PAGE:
What does this mean? Does this mean that he was devoid of the divine glory while he was on earth? I think the emphasis of the passage is on two different aspects. First of all, the emphasis here is on ‘glorifying’ than on glory. Glorifying simply means acknowledging the glory that is already there than bestowing the glory. Secondly, we must also note that the emphasis is on the place than on the state. It has to do with being in a glorified position in heaven, after his resurrection, ascension and session on God’s right hand. It doesn’t imply that he was without glory on earth.
The evidence that he was with glory on earth but veiled and not devoid of it is narrated than stated. The Gospel accounts provide us with enough evidence to this fact. Just as he restrained his divine power in his incarnation, he veiled his glory within the flesh that he chose to put on in his incarnation.
However, it had at times broke through the thick cover of human flesh that he put on. One such instance is the Transfiguration that we find in Mark 9.2-3.
And after six days Jesus took with him Peter and James and John, and led them up a high mountain by themselves. And he was transfigured before them, and his clothes became radiant, intensely white, as no one on earth could bleach them.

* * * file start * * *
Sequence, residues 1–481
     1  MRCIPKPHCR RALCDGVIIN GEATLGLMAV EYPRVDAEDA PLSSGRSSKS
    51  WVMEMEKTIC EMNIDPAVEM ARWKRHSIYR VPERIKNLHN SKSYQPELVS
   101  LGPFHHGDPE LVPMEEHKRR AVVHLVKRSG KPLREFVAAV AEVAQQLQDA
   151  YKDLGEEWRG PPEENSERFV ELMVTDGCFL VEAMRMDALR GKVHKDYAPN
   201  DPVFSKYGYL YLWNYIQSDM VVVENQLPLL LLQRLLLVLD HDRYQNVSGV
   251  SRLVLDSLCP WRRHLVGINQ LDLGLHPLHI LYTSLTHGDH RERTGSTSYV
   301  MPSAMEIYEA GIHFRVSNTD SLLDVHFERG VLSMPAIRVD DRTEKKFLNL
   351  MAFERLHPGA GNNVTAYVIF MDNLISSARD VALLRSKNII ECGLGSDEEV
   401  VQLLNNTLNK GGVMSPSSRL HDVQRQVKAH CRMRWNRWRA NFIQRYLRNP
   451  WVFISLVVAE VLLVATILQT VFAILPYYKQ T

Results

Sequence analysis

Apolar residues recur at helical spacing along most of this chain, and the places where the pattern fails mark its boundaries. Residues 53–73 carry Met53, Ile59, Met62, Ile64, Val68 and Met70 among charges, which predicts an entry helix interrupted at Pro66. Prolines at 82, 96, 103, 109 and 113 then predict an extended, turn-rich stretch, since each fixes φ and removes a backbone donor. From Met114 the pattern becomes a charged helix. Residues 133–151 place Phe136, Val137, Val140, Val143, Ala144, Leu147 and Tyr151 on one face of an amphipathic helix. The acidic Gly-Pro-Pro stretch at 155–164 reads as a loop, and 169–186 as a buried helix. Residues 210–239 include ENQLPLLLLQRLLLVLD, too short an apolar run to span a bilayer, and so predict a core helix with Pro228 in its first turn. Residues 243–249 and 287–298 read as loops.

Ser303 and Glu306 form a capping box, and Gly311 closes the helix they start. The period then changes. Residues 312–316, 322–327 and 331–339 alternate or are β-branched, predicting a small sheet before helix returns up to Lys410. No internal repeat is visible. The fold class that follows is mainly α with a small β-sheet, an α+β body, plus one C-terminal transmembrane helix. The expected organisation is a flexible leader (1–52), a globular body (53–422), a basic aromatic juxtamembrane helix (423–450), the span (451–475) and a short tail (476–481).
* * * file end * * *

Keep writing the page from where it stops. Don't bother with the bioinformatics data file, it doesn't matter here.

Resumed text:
Every miracle, especially the nature miracles, in particular the one where he walked defying the wind over the waves was display of his glory and power as the creator of the world.
John 2:11
This, the first of his signs, Jesus did at Cana in Galilee, and manifested his glory. And his disciples believed in him. (John 2:11 ESV).
So, his closest disciple would later reflect on their life together on earth in the following words.
And the Word became flesh and dwelt among us, and we have seen his glory, glory as of the only Son from the Father, full of grace and truth. (John 1:14 ESV).
He was born with this glory; it is not gathered over the years. The baby in the manger was not a helpless babe! He was God in all glory but a veiled glory. It was not glory to dazzle feeble human eyes but to be revealed very discreetly.
There were people who were touched by his glory and power throughout his period of incarnation! They are the disciples who witnessed his miracles, those who experienced his power, those who testify that they saw his glory.
He maintained that power and glory even at the height of his physical weakness and shame. The soldiers who came to arrest him in the Garden of Gathsemene are witnesses to this. They saw him when he was at the lowest of his human state. He was holed up in a garden at night, spent the whole night pleading with God to avoid that moment, however failed. He was sleepless and hungry, deserted by his own dear friends. It was at that moment the soldiers came to arrest him. However, when he said ‘I am he’ they experiened the divine power of those words and his presence and ‘drew back and fell to the ground’ (John 18:6).
Another example is the Roman centurion who was in charge of Jesus’ execution. He recognized in the bleeding, weak, dying Jesus the Son of God. The Gospel of Mark records:
And when the centurion, who stood facing him, saw that in this way he 1 breathed his last, he said, “Truly this man was the Son 2 of God!” Mark 15:39 ESV.